He won all of his 25 F1 races and both of his world titles with Lotus.

Jim also helped to develop and test new Lotus cars, such as the Lotus 38. He used the Lotus 38 to win the 1965 Indianapolis 500, and the Lotus 56, which he was supposed to drive at the 1968 Indy 500. Sadly he never did due to his death.

Clark had a close relationship with Colin Chapman, who regarded him as his protégé and friend. They shared a common vision of racing, based on innovation, speed and elegance.

They also trusted each other implicitly, despite the frequent mechanical failures and safety issues that plagued Lotus cars.

Jim Clark Lotus 49

Jim Clark Lotus 49

The Lotus 49 was one of the most iconic and influential F1 cars of all time. It was designed by Colin Chapman and Maurice Philippe and introduced in 1967. The Lotus 49 was the first F1 car to feature the Ford Cosworth DFV engine, which became the dominant power unit in F1 for the next decade.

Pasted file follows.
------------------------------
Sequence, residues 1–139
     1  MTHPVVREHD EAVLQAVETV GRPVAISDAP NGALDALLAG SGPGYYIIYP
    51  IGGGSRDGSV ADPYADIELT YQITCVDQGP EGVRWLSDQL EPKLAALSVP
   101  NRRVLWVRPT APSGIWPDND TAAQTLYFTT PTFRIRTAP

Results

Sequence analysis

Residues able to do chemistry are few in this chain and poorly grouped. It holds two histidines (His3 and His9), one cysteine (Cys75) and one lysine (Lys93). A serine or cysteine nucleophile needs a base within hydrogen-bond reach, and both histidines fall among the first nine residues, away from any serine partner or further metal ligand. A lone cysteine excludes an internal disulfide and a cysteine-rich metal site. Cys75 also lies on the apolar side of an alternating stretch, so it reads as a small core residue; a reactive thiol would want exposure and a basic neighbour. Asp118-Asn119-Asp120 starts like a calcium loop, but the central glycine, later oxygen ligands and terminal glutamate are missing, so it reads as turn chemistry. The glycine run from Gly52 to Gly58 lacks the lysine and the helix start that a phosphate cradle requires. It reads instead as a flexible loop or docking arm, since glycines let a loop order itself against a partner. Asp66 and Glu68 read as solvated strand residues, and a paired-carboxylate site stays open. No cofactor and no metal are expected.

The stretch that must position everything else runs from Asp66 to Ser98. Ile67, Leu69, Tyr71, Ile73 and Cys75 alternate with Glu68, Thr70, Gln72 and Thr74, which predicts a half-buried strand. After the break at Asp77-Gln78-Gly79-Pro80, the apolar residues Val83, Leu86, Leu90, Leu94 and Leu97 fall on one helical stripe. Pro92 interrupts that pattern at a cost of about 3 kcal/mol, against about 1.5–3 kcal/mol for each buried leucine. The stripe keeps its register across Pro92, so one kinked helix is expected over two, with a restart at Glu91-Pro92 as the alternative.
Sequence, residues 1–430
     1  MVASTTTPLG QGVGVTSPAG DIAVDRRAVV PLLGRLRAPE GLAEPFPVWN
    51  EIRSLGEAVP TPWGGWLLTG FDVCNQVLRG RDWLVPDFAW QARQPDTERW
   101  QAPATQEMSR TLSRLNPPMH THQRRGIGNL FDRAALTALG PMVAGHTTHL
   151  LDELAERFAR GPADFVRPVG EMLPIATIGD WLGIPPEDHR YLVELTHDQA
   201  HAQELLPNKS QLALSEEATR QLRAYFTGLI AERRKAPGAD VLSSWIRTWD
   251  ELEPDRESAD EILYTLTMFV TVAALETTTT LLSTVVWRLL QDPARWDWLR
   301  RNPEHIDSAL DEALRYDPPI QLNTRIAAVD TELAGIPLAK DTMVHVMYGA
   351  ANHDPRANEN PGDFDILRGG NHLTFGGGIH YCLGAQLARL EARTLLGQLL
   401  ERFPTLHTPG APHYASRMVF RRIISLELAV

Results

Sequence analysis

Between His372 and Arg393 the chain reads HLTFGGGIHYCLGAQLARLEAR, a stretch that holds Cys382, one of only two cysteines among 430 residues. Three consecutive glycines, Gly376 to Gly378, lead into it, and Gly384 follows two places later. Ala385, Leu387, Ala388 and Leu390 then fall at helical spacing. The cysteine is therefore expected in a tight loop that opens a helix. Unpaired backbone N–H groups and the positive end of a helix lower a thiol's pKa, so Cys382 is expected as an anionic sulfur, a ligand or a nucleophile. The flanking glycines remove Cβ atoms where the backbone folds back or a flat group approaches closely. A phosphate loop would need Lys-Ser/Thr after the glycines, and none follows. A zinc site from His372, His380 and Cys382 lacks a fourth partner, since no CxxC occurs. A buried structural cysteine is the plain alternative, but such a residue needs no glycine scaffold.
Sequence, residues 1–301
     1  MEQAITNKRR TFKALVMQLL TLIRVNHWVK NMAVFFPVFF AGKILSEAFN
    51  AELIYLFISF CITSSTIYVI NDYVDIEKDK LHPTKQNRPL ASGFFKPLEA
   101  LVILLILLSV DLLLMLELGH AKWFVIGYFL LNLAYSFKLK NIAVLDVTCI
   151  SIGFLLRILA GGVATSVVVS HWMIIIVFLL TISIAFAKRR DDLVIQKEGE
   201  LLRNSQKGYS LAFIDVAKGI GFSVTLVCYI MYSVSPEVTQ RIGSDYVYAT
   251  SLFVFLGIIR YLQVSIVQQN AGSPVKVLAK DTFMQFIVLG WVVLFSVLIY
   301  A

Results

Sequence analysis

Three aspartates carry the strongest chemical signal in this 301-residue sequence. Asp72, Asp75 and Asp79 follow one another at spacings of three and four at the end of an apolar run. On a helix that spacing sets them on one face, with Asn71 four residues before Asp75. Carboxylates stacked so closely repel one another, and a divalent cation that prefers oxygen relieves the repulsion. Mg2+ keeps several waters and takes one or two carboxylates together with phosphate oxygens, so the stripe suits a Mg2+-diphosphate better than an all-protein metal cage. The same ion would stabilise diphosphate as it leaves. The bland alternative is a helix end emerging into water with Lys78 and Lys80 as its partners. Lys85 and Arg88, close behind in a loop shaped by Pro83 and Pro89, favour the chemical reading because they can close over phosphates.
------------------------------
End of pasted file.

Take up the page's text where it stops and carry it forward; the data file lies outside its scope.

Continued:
It was also the first F1 car to use aerodynamic wings, which increased downforce and grip.

Clark drove the Lotus 49 for the first time at the 1967 Dutch Grand Prix at Zandvoort, where he qualified on pole position and won the race. He also won the British Grand Prix at Silverstone and the

When Did Jim Clark Win the F1 World Championship?

Jim clark

Jim Clark won his first Formula One world championship in 1963, driving for Lotus. He dominated the season, winning seven out of ten races, and scoring a record 54 points out of a possible 60.

Clark also set a new record of seven pole positions in a season. He clinched the title with three races to spare, at the Italian Grand Prix at Monza.

Jim Clark’s second and final Formula One world championship came in 1965, again with Lotus. He won six out of ten races and scored 54 points out of a possible 60.

Jim became the first driver to win the Triple Crown of Motorsport, by winning the Indy 500 and the Tasman Series in addition to the F1 title.

He secured the championship with four races to spare, at the German Grand Prix at the Nürburgring.

Jim Clark’s Formula 1 Statistics